Ohio Pill Mill Doctor Receives More Than Four Life Sentences


Cincinnati, OH (WorkersCompensation.com)  – Chicago physician Paul H. Volkman was recently sentenced in U.S. District Court to more than four terms of life imprisonment for illegally prescribing and dispensing pain pills outside the scope of a legitimate medical practice that resulted in the deaths of four people between 2003 and 2005.

Evidence presented during the trial showed that Volkman prescribed and dispensed millions of dosages of various drugs including diazepam, hydrocodone, oxycodone, alprazolam, and carisoprodol.

Volkman operated out of three locations in Portsmouth, Ohio and one location in Chillicothe before task force investigators led by DEA Diversion investigators shut him down in 2006. Customers paid between $125 and $200 cash per visit. After a brief visit with him, they received a prescription for pain medicine. The “clinics” opened their own dispensary in 2003 after local pharmacies refused to honor prescriptions he wrote.

Volkman also directed his customers to the East Main Pharmacy in Columbus which filled more than 5,500 prescriptions for high doses of oxycodone and other drugs between September 2005 and February 2006. Pharmacy owner Harold Eugene Fletcher pleaded guilty in January 2011 to illegal distribution of oxycodone and committing financial and tax crimes. Fletcher was sentenced on January 9, 2012 to 27 months in prison.

Robert L. Corso, Special Agent in Charge of the Drug Enforcement Administration's (DEA) Detroit Field Division; Carter M. Stewart, United States Attorney for the Southern District of Ohio; Edward J. Hanko, Special Agent in Charge, Federal Bureau of Investigation (FBI); Kyle W. Parker, Executive Director of the Ohio Board of Pharmacy; Richard A. Whitehouse, Executive Director, State Medical Board of Ohio, and Portsmouth (OH) Police Chief Charles Horner announced the sentence imposed today by Senior U.S. District Judge Sandra Beckwith.

A jury convicted Volkman, 64, on May 10, 2011 of 18 crimes including four counts of illegal drug distribution that resulted in death. He received a life sentence on each of those counts. Sentences on 13 other counts range from 10 to 20 years and were ordered to be served concurrently. He was sentenced to an additional five years in prison to be served consecutively for possession of a firearm in furtherance of a drug trafficking crime. Volkman was also ordered to forfeit $1.2 million.

The government presented 70 witnesses during the trial that began with jury selection on March 1, 2011 and lasted more than eight weeks. Government witnesses included pharmacists who refused to fill prescriptions from Volkman, his employees, individuals who received pills from Volkman, medical experts and family members of the victims.

DEA Special Agent in Charge Robert L. Corso stated: “The lengthy investigation into Dr. Paul Volkman, coupled with a life sentence, exemplifies that not only is DEA determined to combat prescription drug abuse in this country, but that the judicial system recognizes the seriousness of the issue in today's society. Addressing the diversion of controlled pharmaceuticals is one of the top priorities of the Drug Enforcement Administration. The life sentence should serve as a warning to all medical professionals that if you prescribe medication for personal gain, with no consideration for the well-being of others, you will be investigated and prosecuted to the fullest extent of the law.”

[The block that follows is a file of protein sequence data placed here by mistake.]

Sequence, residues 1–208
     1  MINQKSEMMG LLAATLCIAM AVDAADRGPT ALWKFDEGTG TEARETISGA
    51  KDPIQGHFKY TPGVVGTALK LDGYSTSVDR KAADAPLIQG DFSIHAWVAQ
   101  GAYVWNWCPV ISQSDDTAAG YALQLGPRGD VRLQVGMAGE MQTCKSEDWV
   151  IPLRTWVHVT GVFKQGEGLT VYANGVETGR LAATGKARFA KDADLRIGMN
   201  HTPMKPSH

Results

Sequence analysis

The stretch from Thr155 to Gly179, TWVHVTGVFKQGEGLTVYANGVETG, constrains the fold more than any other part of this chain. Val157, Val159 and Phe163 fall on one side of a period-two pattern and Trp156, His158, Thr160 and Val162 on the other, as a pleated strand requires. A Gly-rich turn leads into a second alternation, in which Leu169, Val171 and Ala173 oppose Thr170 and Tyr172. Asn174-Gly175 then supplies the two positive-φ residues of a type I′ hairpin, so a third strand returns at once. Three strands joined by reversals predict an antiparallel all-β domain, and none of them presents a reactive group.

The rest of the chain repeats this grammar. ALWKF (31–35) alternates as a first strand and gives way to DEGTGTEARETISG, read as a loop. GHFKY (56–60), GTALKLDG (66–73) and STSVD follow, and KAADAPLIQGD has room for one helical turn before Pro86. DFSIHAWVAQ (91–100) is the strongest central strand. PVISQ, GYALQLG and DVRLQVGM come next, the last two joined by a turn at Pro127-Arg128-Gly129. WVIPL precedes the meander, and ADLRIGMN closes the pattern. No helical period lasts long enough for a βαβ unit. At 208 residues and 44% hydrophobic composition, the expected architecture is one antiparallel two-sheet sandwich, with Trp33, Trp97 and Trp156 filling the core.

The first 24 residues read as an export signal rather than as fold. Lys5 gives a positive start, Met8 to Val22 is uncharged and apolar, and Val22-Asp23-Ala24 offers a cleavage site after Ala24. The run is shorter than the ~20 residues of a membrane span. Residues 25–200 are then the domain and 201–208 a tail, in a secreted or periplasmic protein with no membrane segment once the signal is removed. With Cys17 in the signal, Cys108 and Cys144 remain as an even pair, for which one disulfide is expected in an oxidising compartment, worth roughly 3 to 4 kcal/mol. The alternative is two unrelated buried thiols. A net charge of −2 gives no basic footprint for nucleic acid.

“Volkman was the physician at the center of a criminal scheme to distribute millions of controlled substances to hundreds of individuals in exchange for cash – a scheme that brought addiction, diversion, and death to southeastern Ohio and beyond,” Assistant U.S. Attorneys Tim Oakley and Adam Wright wrote in a sentencing memorandum filed with the court. “During the course of this conspiracy, Volkman was the top physician purchaser of oxycodone in the country.”

“Cooperative investigation by law enforcement, combined with the support of community groups and victims, are addressing the problem of addiction and illegal drug diversion,” U.S. Attorney Carter M. Stewart said. “Such united efforts must continue.”

Two individuals indicted with Volkman pled guilty to their roles in the crimes and testified against him. Denise Huffman, 57, who owned Tri-State Health Care and Pain Management in Portsmouth, and South Point Pain Management which operated in Portsmouth and elsewhere, pled guilty on November 10, 2010 to operating and maintaining a drug involved premises. Alice Huffman Ball, 36, pled guilty on October 25, 2010 to an identical charge. She managed the clinics. She was sentenced on November 8, 2011 to 60 months in prison followed by three years of supervised release.

In addition to the agencies listed above, Stewart commended the following law enforcement agencies who participated in the investigation: DEA offices in Columbus, Cincinnati, Louisville, London, Kentucky, Cleveland, Detroit and Chicago; Scioto County Sheriff's Office, Scioto County Coroner's Office, Lawrence County Sheriff's Office, Ross County Sheriff's Office, Pipeline 23 Drug Task Force, Ohio State Highway Patrol, Kentucky State Police, Greenup County Kentucky Coroner's Office, Carter County Kentucky Coroner's Office, Lewis County Kentucky Sheriff's Office, Kentucky Office of Inspector General, and the Commonwealth of Kentucky Office of Attorney General.

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